Tuesday, May 10, 2011

The tale of Chaos (8A?)

One of Redhill's oldest proposed 8A's, "Chaos", has seen a lot of attention in the past few months, with several climbers bagging the line for their 1st of the grade. Most recent was Alan Hills, who has agreed with common opinion that the problem should perhaps be downgraded? As reported before "the original concept of the problem involved a long move off a sloper rail to poor sloping crimps, before slapping up to slopers on the lip and topping out. "Chaos" remained a project for several years, repelling attempts from a number of capable climbers, until Emile Esterhuizen thought of a slightly easier sequence by moving further to the right to a poor sidepull, and then moving back left into bad underclings above the sloper rail and skipping the crimps altogether. Although the line was complete, many Redhill locals felt that the true line was yet to be climbed. In 2007, Marijus Šmigelskis finally made the first ascent of the originally intended line bumping the grade up from 7C to 8A".

Now however, it seems that the problem may be suffering (or benefiting?) from a strange phenomenon that is common for sloper climbs at Redhill. Fresh rock in the area seems to have a strange form of micro lichen that grows between the texture of the holds. As people start climbing on the holds, adding chalk and brushing them, the lichen dies off and over the years, the friction improves dramatically. We've seen classic examples of this on "Rolling Stones", which went from 7B+ to 7A+ and "Four Singers".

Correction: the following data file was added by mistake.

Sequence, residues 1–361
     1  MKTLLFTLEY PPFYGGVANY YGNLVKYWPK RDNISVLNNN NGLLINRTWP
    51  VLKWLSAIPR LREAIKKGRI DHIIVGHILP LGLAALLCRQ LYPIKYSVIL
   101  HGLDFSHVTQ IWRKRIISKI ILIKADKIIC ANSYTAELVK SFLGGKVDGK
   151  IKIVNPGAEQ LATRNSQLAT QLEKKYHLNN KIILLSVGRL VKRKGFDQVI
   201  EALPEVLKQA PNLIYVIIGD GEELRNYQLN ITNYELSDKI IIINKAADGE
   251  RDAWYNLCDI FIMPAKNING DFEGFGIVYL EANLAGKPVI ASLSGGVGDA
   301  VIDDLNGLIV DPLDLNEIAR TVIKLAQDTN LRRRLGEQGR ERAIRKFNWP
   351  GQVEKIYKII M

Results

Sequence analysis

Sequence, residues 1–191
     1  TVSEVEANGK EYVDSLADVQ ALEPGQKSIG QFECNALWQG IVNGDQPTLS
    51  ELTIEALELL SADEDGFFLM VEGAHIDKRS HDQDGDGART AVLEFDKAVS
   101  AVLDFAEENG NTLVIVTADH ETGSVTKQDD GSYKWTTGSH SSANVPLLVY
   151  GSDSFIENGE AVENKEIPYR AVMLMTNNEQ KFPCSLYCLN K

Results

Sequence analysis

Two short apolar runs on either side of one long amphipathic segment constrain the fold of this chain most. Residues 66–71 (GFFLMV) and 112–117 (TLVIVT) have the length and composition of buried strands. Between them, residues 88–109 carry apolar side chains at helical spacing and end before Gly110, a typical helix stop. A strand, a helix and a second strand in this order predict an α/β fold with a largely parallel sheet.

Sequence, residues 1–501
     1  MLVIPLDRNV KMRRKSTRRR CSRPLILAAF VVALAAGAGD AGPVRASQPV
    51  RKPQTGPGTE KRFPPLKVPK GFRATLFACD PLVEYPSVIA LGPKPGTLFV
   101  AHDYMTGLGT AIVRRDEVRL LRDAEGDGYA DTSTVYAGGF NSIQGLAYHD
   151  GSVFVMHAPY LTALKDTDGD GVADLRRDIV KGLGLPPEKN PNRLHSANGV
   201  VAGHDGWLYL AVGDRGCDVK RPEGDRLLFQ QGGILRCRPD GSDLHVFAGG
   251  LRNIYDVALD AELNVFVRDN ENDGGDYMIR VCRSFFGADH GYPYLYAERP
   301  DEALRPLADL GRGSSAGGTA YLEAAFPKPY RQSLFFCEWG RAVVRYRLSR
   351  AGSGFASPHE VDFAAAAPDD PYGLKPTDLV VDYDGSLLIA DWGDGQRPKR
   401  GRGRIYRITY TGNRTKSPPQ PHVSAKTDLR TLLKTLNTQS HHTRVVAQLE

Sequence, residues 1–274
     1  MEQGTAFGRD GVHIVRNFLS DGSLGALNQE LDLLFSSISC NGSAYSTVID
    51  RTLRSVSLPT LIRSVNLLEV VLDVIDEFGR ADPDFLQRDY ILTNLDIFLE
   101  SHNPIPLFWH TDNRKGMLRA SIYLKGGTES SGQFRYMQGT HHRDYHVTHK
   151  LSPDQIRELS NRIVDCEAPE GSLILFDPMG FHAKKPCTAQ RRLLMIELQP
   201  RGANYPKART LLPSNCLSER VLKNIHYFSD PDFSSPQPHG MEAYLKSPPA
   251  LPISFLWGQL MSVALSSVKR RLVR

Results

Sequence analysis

Check out Clinton Martinengo making light work of "Chaos" this past summer, climbing it on his first redpoint go after flashing the crux section in isolation:


  1. I love the theory on the micro-lichen! It's actually quite believable! Strange phenomenon indeed... Just for the sake of complete info, I didn't climb it quite the way Clinton does.
    I bounced left from the first crimp to the second (The big tickmark in Clint's vid) Then went straight up to the slopers with my right, Didn't use the underclings at all. It did seem as if conditions were particularly good on the day (Chinatowns mean slopey crimps saw a couple of ascents).

  2. yeah, i think you (alan) sent it the way we all tried it years ago but couldn't do. it's a huge reach to that second crimp! nice work on skipping the undercling!

    back then, the 1st crimp was not even holdable...

    thoughts on the grade?

  3. To be honest, it felt pretty easy on the day but it is definitely one of the hardest problems I've tried. I had two or three sessions on it last year and after each, I couldn't try it for ages because it's tough on the left knee. Left knee is still tweaky! I'll need to get a few more of the grade to give a realistic opinion. To be critical, I'd say it's soft for the grade, probably 7C+, but having the wingspan of a pterodactyl probably helped!